CHICAGO – Prosecutors on Sunday charged two more activists with crimes tied to the NATO summit, accusing one of boasting that he could blow up a downtown Chicago bridge and that he concealed some explosives in a hollowed-out Harry Potter novel.
But defense attorneys said after the men appeared in court Sunday the allegations were trumped up by informants or undercover officers known as "Mo" and "Gloves." The aim, they argued, was to scare protesters in town for the summit.
"He is being targeted because of his beliefs," defense attorney Molly Armour said of her client, Sebastian Senakiewicz. "These charges are extremely sensational."
Senakiewicz, 24, of Chicago, is charged with falsely making a terrorist threat. Mark Neiweem, 28, of Chicago, is charged with attempted possession of explosives or incendiary devices after he allegedly sought materials to construct a pipe bomb.
The charges came after three other activists were accused Saturday of manufacturing Molotov cocktails and harboring plans to attack President Barack Obama's campaign headquarters and other targets during the NATO meeting.
Prosecutors told a judge at a Sunday court appearance that Senakiewicz, a Polish native, bragged about possessing explosives, supposedly concealing some in the children's novel. But searches did not uncover explosives, prosecutors said.
In court documents, prosecutors said Senakiewicz indicated he is an anarchist who was "upset with the lack of chaos in Chicago."
Neiweem wrote a list of ingredients required to build a pipe bomb and indicated that model rocket engines for the device could be purchased at Hobby Lobby stores, Cook County prosecutors said.
"We have seen zero evidence," said Sarah Gelsomino, another defense attorney. She also complained the men, both arrested Thursday, were held for more than 65 hours before their initial court appearance in a violation of their civil rights.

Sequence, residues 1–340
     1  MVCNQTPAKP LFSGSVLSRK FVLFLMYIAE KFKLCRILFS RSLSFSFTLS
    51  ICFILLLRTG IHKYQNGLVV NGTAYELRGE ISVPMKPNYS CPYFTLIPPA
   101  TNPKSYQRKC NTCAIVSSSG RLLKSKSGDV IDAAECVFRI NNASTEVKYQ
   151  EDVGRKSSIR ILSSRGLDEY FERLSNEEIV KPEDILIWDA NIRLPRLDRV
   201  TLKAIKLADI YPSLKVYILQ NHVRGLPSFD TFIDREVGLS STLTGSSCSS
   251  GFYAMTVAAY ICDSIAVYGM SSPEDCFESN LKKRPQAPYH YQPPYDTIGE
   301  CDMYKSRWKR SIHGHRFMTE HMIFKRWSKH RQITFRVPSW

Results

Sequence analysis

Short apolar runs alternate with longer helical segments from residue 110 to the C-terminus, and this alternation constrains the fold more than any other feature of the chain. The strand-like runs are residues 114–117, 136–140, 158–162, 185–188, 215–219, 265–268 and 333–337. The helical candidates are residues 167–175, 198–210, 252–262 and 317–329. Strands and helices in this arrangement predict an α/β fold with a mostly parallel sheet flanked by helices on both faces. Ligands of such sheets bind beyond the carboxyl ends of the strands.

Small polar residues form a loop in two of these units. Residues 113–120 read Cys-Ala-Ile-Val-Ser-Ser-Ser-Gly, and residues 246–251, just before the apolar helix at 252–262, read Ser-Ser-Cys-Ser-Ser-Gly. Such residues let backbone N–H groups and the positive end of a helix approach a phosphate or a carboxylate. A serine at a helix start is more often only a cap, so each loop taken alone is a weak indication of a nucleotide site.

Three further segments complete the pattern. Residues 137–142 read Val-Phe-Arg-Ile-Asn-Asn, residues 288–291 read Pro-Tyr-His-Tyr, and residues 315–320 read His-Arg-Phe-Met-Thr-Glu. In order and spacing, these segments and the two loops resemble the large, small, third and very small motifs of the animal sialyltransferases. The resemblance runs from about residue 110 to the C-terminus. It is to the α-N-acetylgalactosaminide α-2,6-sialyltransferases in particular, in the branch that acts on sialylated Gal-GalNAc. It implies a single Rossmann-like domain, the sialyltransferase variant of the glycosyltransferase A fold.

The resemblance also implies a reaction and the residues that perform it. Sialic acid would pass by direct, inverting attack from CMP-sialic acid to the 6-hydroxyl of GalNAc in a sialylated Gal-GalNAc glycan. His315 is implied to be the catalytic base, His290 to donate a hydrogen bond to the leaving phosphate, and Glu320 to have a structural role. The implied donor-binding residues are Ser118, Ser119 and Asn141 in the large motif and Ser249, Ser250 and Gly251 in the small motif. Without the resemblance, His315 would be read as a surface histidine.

Looking tired and anxious, Senakiewicz appeared in court wearing a brown AC/DC T-shirt. Neiweem, tattooed on his neck and behind his ears, stared down at the floor dejectedly.
"They are terrified — completely terrified," Armour told reporters outside the courtroom.
A judge set bond at $750,000 for Senakiewicz and $500,000 for Neiweem. Gelsomino complained later that the bond amounts were "punitively high" and the men would be unable to raise the money to get out.
The men intend to plead not guilty when they are arraigned May 23, Gelsomino said.
The trio charged Saturday are Brian Church, 20, of Ft. Lauderdale, Florida; Jared Chase, 24, of Keene, New Hampshire; and, Brent Vincent Betterly, 24, of Oakland Park, Florida. They were arrested on Wednesday and face charges of conspiracy to commit terrorism, material support for terrorism and possession of explosives.
Prosecutors said the two men charged Sunday have no connection to Church, Chase or Betterly. But defense attorneys said there is a common thread: "Mo" and "Gloves." They allege that the two befriended all five of the charged activists and appeared to steer them into activities that could be perceived as illegal.
"Mo" and "Gloves" began befriending activists in the Chicago area in early May and were present when Church, Chase or Betterly were arrested, Gelsomino said. She said many activists in Chicago for the NATO protests knew "Mo" and "Gloves" — a man and a woman — and are now worried they could also be arrested.
Critics say filing terrorism-related charges against protesters is reminiscent of previous police actions ahead of major political events, when authorities moved quickly to prevent suspected plots but sometimes quietly dropped the charges later.
McCarthy on Saturday flatly dismissed the idea the arrests of the initial three suspects were anything more than an effort to stop "an imminent threat."
Kris Hermes, an aide with the National Lawyers Guild, which has represented many of the activists, said the charges against Senakiewicz and Neiweem are also an "effort to frighten people and to diminish the size of the demonstrations."
"Even if charges are dropped or reduced later, they will have succeeded in spreading fear and intimidation," he said.
Prosecutors said Church, Chase and Betterly used fuel purchased from a Chicago gas station for makeshift bombs, pouring it into beer bottles and cutting up bandanas to serve as fuses. If convicted on all counts, they could get up to 85 years in prison. They are each being held on $1.5 million bond.
A third man, Taylor Hall, 23, of Pittsburgh, Pa., was arrested during Saturday night protests and also appeared in court Sunday. He is charged with aggravated battery to a police officer.
Associated Press Writer Don Babwin contributed to this report.
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